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Insurance Claims

Avoid Being Victimized Twice: Prevent Contractor Fraud

How to prevent contractor fraud.It is heart-wrenching when our customers are victims of bad storms and natural disasters. It could happen to any one of us.

What is even worse, though, is when opportunists take advantage of customers after storms and natural disasters. These would-be “contractors” promise to repair damage to homes and property, and then they take off with the money without doing the work. In some cases, they may even do the work, but it involves lesser quality materials and workmanship than what they were paid for. This makes our customers victims twice.

Welcome to the world of contractor fraud. This seems to be most common during the storm season that gets under way in the springtime, but it can strike at any time.

Here is a real life example. In May of 2013, storms hit Milwaukee, and in response, American Family Insurance was busily following through on its commitments to its customers.

Out of the blue, one of our agents was contacted by a policyholder who said an individual knocked on her door, claiming that he would repair damage to her home if she would just sign a contract. And here’s the kicker – this individual said he was connected with American Family Insurance.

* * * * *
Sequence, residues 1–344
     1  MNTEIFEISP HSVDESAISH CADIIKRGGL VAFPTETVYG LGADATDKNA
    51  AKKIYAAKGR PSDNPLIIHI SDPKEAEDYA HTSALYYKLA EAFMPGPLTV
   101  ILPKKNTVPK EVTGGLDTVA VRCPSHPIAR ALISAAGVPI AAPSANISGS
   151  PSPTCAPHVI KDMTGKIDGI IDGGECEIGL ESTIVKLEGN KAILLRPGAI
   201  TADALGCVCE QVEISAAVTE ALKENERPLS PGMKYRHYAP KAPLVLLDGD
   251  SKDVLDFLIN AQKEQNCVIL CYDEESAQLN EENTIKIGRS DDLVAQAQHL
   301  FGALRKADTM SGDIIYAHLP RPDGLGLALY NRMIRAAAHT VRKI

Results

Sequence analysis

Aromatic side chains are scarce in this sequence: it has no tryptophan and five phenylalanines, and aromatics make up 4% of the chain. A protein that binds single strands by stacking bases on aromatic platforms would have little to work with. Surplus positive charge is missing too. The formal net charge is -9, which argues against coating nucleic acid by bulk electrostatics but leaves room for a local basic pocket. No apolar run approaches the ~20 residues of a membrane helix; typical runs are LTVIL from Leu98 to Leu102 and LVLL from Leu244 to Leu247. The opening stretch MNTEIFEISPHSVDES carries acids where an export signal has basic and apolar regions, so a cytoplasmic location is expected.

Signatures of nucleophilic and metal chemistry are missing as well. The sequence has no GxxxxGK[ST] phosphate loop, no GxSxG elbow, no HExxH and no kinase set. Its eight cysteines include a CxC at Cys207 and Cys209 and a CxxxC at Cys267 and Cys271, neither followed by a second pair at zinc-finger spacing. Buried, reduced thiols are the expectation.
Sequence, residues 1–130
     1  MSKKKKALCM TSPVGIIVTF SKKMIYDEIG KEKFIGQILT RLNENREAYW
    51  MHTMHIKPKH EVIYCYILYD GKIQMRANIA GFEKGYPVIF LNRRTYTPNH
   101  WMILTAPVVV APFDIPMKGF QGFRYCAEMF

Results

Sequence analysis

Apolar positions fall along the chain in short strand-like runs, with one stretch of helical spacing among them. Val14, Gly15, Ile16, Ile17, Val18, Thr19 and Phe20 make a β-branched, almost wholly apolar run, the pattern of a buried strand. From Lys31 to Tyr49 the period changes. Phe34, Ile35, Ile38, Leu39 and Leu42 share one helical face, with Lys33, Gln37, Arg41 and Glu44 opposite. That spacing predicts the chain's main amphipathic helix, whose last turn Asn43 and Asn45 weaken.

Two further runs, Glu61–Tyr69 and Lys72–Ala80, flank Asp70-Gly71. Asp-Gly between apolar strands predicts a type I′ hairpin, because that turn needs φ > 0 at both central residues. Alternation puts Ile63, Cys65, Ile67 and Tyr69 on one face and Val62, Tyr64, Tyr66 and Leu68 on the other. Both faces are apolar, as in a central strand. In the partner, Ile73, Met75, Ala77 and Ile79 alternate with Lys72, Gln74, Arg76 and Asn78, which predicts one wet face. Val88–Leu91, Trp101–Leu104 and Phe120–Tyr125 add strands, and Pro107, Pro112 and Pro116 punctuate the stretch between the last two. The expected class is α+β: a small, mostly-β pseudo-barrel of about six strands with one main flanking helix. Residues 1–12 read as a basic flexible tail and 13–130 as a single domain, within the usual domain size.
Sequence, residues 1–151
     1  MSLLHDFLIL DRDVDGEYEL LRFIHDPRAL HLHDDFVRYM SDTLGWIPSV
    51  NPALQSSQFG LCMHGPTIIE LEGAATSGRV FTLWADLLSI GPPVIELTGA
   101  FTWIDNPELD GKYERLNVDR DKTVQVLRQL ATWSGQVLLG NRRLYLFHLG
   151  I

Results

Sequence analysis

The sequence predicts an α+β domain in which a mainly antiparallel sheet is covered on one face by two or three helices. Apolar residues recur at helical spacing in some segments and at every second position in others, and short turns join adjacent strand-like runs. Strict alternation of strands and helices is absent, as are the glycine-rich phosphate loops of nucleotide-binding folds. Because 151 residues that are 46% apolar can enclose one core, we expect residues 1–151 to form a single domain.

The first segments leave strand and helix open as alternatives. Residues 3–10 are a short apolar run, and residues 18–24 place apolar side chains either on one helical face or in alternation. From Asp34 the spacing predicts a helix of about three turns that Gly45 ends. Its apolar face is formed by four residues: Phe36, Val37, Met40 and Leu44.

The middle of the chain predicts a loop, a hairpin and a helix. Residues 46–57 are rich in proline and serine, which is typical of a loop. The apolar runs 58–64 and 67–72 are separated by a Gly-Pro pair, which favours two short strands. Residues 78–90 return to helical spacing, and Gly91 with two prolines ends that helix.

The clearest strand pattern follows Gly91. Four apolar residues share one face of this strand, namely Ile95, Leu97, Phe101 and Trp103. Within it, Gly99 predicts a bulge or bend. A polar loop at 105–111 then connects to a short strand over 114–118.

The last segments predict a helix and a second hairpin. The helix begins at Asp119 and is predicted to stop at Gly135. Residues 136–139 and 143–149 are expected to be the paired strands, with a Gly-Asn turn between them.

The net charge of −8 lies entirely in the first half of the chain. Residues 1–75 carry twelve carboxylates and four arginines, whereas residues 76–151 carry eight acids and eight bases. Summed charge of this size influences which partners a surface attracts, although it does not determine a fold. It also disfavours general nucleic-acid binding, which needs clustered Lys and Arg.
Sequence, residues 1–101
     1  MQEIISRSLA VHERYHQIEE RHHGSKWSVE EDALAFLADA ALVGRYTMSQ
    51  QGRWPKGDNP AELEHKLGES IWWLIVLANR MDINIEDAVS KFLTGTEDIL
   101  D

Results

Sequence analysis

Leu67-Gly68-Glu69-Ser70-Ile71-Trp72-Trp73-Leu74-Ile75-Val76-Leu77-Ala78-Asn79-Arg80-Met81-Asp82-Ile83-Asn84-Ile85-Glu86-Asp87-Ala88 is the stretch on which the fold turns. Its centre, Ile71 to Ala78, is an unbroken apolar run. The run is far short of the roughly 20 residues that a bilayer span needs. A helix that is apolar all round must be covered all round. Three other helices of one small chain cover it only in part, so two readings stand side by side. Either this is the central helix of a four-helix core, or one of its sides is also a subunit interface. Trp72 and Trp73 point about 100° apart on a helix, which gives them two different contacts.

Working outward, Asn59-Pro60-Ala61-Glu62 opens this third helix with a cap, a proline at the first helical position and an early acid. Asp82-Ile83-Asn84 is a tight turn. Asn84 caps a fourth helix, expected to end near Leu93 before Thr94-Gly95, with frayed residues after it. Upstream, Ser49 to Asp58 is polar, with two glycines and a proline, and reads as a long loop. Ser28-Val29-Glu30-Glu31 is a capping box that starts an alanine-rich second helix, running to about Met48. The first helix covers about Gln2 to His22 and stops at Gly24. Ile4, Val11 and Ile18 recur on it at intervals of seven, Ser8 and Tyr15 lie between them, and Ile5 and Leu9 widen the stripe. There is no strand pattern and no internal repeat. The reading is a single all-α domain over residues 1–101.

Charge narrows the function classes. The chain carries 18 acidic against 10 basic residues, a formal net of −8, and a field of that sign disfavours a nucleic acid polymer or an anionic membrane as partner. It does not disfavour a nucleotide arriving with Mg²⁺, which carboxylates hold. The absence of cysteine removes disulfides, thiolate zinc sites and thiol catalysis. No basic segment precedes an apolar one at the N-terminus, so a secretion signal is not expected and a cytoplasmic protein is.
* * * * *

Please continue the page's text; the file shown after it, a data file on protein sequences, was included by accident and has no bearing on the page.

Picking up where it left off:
She almost became a victim … twice. American Family did not send this “contractor” to do repairs.

It is a good thing the policyholder called. After some quick contacts by the American Family Insurance agent, it turned out other policyholders were reporting similar instances in the area, too.

Many were tricked into signing contracts that could be binding, and authorizing repairs that in some cases weren’t even done. During the investigation, we discovered that some policyholders were even being duped into having their settlement checks go to the fraudulent “contractor” company and not to the policyholders themselves!

Thanks to the fast response by the American Family Insurance Property Claims Department and Special Investigations Unit, we helped many other policyholders avoid being taken advantage of.

There are a lot of really good, honest contractors out there. However, if your property is damaged after a storm, we encourage you to do your homework before signing anything.

Here are some simple considerations: